With Easter fast approaching, it’s time to start planning for the holiday break – the highlight of which is undoubtedly the traditional backyard Easter egg hunt. Follow our tips and tricks to ensure your hunt is a success for all the kids, without being a stress on the adults.
You don’t need to spend months planning the details, but a little forward thinking will ensure your hunt goes as smoothly as possible. If you’re planning on inviting friends and neighbours, bear in mind that lots of people will be going away, so opting to have your hunt either side of Easter might be the best bet for maximum attendance – especially if you don’t get those invites out early.
Mornings or late afternoons are usually the best times for a hunt, as the midday sun has a tendency to make a melty, chocolaty mess in your garden.
Age can also have an impact on the types and quantities of treats you pick for your kids, though in general, everyone loves a traditional chocolate egg (even the adults).
Don’t forget to:
If your Easter egg hunt involves children from a wide range of age groups, then you might want to consider running the hunt in heats – starting with the younger children. Letting the younger kids go first means they won’t be beaten to every egg by their older siblings and friends. This ensures everyone has a good time and gets an opportunity to enjoy the hunt and some delicious chocolate.
It’s easy enough to ask everyone to bring their own baskets, but there’s always one kid who forgets! Having baskets prepared is easy, and you can even let your creativity shine with a quick coat of paint and some stickers to get in the Easter spirit. If you don’t feel like purchasing buckets and baskets, why not borrow from friends? Upturned hats and kitchen bowls are great in a pinch, too!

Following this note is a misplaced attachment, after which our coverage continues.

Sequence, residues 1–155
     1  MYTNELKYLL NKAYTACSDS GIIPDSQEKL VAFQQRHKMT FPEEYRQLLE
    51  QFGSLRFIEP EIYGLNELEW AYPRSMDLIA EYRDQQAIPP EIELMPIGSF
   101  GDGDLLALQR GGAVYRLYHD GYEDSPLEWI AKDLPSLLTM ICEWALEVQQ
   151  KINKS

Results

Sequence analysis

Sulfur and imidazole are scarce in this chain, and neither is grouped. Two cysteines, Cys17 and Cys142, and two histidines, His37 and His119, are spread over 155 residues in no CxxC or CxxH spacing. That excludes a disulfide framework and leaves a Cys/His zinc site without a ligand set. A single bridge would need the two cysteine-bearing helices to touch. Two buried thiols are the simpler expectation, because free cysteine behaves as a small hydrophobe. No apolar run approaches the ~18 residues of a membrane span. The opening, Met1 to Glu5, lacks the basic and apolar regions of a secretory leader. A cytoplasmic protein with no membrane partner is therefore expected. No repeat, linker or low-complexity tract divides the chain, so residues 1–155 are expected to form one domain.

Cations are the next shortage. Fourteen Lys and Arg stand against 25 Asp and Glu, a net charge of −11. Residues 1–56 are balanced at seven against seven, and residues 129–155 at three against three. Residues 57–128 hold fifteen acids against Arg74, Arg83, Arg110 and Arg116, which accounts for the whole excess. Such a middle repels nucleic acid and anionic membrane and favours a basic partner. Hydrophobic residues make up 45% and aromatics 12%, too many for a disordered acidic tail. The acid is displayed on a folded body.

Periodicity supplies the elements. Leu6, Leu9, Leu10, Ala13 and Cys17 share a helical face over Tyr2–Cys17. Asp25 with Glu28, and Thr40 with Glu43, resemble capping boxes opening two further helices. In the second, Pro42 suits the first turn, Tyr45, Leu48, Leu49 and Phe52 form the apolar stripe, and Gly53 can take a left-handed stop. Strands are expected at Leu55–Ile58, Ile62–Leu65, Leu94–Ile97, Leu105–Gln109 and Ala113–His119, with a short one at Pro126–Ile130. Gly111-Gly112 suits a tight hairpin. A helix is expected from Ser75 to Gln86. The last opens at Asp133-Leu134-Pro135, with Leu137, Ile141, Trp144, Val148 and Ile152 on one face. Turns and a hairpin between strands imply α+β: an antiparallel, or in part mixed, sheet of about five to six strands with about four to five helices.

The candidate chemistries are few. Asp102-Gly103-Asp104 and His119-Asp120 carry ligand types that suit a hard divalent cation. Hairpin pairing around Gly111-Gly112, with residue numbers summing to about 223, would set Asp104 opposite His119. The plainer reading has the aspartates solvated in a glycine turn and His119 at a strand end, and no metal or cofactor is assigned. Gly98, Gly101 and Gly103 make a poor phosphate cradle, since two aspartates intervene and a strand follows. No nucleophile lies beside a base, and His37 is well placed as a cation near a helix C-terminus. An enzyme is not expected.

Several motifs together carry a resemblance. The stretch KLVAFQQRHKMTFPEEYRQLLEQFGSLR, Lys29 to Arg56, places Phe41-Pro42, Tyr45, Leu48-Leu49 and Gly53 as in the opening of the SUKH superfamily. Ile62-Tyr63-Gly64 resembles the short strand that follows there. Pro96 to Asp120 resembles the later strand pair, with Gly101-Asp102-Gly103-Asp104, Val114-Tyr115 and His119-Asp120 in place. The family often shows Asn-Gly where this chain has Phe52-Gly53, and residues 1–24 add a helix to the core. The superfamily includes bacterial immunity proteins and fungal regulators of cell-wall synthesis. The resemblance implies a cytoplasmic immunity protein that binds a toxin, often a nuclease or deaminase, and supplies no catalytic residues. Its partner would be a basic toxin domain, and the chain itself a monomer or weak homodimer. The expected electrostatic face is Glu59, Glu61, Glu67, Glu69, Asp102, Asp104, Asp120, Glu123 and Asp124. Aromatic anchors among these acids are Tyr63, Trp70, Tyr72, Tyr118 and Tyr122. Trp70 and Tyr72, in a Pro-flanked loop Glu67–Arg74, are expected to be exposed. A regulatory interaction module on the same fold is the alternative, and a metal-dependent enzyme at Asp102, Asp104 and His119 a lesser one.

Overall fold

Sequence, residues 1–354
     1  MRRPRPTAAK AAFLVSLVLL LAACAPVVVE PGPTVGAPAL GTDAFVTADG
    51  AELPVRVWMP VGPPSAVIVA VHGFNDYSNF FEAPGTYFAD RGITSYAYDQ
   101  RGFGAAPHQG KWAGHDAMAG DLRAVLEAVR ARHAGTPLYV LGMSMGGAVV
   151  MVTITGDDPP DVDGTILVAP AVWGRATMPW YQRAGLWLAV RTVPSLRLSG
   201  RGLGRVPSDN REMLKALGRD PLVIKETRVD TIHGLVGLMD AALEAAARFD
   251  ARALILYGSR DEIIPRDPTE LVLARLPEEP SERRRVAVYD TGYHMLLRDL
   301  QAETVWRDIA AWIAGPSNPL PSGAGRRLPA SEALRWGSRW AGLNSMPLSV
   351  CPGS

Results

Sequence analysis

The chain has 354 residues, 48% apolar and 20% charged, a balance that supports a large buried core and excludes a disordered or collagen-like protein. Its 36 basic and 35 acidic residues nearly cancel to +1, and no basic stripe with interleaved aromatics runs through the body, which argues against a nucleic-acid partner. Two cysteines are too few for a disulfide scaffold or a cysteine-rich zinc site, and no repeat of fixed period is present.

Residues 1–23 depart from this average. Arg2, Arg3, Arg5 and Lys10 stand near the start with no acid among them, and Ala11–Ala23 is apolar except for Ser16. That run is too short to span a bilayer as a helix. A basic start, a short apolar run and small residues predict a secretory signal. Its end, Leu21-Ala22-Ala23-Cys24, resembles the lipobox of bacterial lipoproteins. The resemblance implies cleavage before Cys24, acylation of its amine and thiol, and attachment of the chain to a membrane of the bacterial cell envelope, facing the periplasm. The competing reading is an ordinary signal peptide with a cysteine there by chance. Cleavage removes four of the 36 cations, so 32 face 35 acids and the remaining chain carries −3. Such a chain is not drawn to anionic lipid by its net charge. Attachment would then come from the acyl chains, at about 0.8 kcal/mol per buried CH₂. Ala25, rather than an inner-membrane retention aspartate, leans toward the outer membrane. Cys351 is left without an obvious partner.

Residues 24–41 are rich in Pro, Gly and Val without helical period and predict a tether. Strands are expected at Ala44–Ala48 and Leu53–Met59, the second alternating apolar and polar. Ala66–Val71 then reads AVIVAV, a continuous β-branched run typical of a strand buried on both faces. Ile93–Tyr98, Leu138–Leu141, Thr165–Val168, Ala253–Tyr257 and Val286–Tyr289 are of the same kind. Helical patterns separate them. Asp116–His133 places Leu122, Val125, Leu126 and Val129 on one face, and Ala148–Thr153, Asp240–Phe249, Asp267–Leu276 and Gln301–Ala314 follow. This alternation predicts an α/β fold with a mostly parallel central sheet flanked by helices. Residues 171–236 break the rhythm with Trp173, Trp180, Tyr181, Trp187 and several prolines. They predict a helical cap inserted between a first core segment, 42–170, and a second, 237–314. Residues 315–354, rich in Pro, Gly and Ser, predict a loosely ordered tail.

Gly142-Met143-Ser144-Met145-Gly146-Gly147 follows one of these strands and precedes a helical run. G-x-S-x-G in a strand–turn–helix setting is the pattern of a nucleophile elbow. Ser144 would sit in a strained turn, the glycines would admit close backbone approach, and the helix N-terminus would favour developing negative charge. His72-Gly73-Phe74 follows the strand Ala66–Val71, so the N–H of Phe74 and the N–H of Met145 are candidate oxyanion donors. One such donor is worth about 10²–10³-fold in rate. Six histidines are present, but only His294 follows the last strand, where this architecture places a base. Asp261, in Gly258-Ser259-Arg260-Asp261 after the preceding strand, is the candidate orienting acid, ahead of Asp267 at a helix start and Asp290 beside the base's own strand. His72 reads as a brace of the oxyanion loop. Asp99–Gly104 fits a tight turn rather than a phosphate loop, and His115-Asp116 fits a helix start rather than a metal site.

Count your chocolate eggs before you hide them. Knowing how many eggs are out there in the wild before they start hunting will help you bring the hunt to a close once it’s done.
It’s also important to ensure chocolate isn’t left lying in the garden. Chocolate is severely toxic for dogs, so cleaning up leftover eggs is important if you or your neighbours have dogs. Also, sweets can attract ants and other pests if left for too long, not to mention leaving litter and mess through your garden.
Depending on where the egg hunt is taking place, you’ll want to ensure there are no obvious areas where children can get themselves into trouble. If the hunt happens indoors, move hard furnishings or add temporary protection. Clean up the backyard and make sure there’s no garden equipment lying around. Similarly, make sure there’s no wet areas and keep an eye on steep driveways or footpaths. Kids get excited during a hunt, and can easily make mistakes if you’re not prepared.
While you want the egg hunt to be a challenge, the idea isn’t to make the chocolates unfindable. Think about how the kids are likely to search, and consider the eyeline of the average kid. They are probably shorter than you and with less reach, so hiding eggs up too high or in hard to reach places is probably not a good idea.
Try to meet their expectations and make the hiding spots fun but findable. That’s part of what brings delight for children on an egg hunt.
That garden gnome? Probably a great place to hide an egg. Got lots of small, brightly coloured eggs? Dot them across the lawn. You can even camouflage them in furniture or decorations, like along a row of backyard ornaments. You want the egg hunt to be fast, fun and exciting, so if in doubt, err on the side of hiding them in easy to spot places. That way, you’ll ensure your Easter egg hunt is a tremendous success (…and that the kids aren’t still searching for eggs past nightfall).